SALT LAKE CITY (ABC4 News) – In the last two and a half weeks, residents across the Wasatch Front felt the impact of two earthquakes above a 5.7 magnitude. While it’s still fresh on our minds, emergency officials said with more people spending time at home to stop the spread of COVID-19, this is a great opportunity for Utahns to prepare and protect your family from an earthquake.

Washington Terrace resident Jody Macdonald and her husband, David did just that a few days ago after experiencing Magna’s 5.7 magnitude earthquake back on March 18th.

“I was working from home and when I looked over, I could see my TV going back and forth as it was sitting on the cabinet,” she said. “I ran over and stabilized it. But then I thought, ‘Gosh. We should probably secure this.’ I should know better because we’re always trying to be safe. We’ve got our Go Bag already and everything like that ready.”

Joe Dougherty, Public Information Officer for the Utah Division of Emergency Management said approximately 2.8 million people felt the impact of the earthquake more than two weeks ago.

“For many of them, it was the very first one they felt. We were fortunate that no one got hurt. But I think it was a good wake-up call that yes, Utah IS earthquake country and the government has been telling us the truth all along,” he said.

He explained there’s never a good or bad time to prepare for an earthquake because seismologists can’t predict when the next one will hit. On Tuesday, another 6.5 magnitude earthquake hit Central Idaho with people as far south as Salt Lake City reporting feeling the rumble.

“Our worst case scenario earthquake in Utah would be a magnitude 7.0 and in an earthquake like that, we would expect to see significant damage inside of people’s homes. The most likely way for people to get injured is by things falling on them,” said Dougherty.

Experts recommend performing a “home hazard hunt” by moving or securing objects that could fall on you and cause serious injury. Heavy items such as computer desks or top-heavy furniture may be a threat. Determine how they can be secured (i.e straps, studs, bolts) and if they can’t, be ready to move away from them during an earthquake.

“We were actually supposed to be on a cruise right now, so we have some vacation to use up. It’s just a good time to regroup,” said Macdonald. “We spent time looking around the house and making sure we secured anything that was loose.”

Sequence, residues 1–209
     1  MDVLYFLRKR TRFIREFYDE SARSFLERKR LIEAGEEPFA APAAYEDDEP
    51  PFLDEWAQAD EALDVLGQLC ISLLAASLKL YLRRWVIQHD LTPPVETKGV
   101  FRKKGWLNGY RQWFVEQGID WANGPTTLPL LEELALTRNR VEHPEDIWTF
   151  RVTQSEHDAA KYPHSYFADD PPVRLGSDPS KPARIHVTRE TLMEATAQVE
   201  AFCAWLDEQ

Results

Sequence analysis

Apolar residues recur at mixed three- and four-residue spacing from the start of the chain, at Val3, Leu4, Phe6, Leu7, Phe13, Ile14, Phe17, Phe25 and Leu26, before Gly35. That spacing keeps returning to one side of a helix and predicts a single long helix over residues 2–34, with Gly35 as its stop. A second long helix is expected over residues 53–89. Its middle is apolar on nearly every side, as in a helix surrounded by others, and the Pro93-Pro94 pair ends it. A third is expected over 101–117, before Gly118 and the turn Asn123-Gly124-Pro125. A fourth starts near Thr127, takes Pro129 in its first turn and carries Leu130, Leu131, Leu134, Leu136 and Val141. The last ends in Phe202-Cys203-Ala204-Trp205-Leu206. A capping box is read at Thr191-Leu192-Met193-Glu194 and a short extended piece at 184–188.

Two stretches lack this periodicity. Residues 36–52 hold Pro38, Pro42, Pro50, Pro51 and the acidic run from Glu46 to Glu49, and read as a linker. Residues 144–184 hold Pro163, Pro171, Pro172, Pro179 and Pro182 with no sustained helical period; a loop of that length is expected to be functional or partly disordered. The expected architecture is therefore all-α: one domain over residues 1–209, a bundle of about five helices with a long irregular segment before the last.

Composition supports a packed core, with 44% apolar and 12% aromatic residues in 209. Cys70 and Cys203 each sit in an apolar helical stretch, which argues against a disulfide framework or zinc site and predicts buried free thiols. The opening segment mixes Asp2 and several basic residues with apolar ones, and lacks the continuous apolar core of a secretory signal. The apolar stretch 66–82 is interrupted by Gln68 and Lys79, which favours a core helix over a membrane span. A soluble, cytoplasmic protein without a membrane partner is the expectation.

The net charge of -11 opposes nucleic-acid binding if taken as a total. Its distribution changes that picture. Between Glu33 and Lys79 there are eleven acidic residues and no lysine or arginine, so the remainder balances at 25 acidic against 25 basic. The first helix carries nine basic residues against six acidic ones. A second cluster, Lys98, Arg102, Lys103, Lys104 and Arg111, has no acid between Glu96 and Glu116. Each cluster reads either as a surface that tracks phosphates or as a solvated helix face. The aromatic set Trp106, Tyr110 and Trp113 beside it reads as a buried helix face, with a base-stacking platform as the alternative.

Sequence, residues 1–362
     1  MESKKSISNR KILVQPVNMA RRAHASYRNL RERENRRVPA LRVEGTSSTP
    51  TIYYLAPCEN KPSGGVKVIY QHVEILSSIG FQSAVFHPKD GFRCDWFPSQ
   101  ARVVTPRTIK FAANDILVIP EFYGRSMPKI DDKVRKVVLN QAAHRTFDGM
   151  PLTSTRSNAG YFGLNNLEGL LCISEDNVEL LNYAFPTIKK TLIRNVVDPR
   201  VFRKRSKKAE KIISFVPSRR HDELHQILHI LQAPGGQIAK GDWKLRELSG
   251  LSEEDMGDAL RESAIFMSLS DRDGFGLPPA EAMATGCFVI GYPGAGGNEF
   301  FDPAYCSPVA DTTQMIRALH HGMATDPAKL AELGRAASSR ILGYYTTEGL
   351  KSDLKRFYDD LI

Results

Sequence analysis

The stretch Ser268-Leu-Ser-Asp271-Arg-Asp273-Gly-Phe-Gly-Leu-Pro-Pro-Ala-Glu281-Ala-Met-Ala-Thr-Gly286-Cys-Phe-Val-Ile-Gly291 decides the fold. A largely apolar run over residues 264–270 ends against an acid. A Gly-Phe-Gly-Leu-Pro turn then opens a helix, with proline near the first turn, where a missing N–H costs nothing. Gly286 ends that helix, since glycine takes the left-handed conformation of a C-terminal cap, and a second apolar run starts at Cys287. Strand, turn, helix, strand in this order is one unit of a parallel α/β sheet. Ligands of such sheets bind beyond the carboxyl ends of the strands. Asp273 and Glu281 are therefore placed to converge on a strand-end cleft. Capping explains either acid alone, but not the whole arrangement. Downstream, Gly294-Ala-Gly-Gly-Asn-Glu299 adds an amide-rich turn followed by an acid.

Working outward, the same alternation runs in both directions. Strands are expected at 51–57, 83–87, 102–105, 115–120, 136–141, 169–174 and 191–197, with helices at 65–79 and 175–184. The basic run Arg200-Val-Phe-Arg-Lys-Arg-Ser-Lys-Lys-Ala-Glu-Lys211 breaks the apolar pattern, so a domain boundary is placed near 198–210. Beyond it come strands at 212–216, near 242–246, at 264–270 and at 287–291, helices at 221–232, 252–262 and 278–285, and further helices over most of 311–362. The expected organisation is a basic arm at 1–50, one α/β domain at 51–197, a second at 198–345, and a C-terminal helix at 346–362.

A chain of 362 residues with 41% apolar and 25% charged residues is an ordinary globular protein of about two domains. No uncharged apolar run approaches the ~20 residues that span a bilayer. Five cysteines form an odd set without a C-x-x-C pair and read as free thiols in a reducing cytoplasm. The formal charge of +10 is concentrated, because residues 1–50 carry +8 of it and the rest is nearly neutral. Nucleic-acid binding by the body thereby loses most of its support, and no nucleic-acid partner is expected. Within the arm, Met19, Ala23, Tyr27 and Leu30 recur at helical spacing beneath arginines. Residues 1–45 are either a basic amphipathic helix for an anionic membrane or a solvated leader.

Dougherty said parents spending more at home with their children should go through drills with them and refresh emergency plans.

“This is something we do at home where we’ll walk around the house and say, ‘Okay. If an earthquake happens in this room, what is the best thing to do?’” he said. “My kids know if they’re downstairs in the kitchen to get under the table. Drop, take cover, and hold on. During the earthquake on March 18th, all of my kids stayed in their bed because they knew that’s what they were supposed to do.”

With the Great Utah ShakeOut taking place on April 16th, families can still sign up and participate from home.

“It will be a slightly different format from what we’ve seen in the past. We’ve typically seen hundreds of thousands of K-12 students and university students participating,” said Dougherty. “This year, we’re asking people to participate at home, wherever you are and that’s how the shakeout works every year. We never know when or where an earthquake is going to happen so we want to be prepared wherever we are.”

Remember to pack an emergency bag or kit that your family can quickly access and take during a disaster. Some items that should be included are a three-day supply of food and water, medication, important documents, tennis shoes, a change of clothes, a blanket, a flashlight, and a portable radio.

“My family has also figured out locations where we could meet up if an earthquake hit while we were at work,” said Macdonald.

For more information on how to prepare your family for an earthquake, click here.

For FAQs about earthquakes in Utah, visit this site.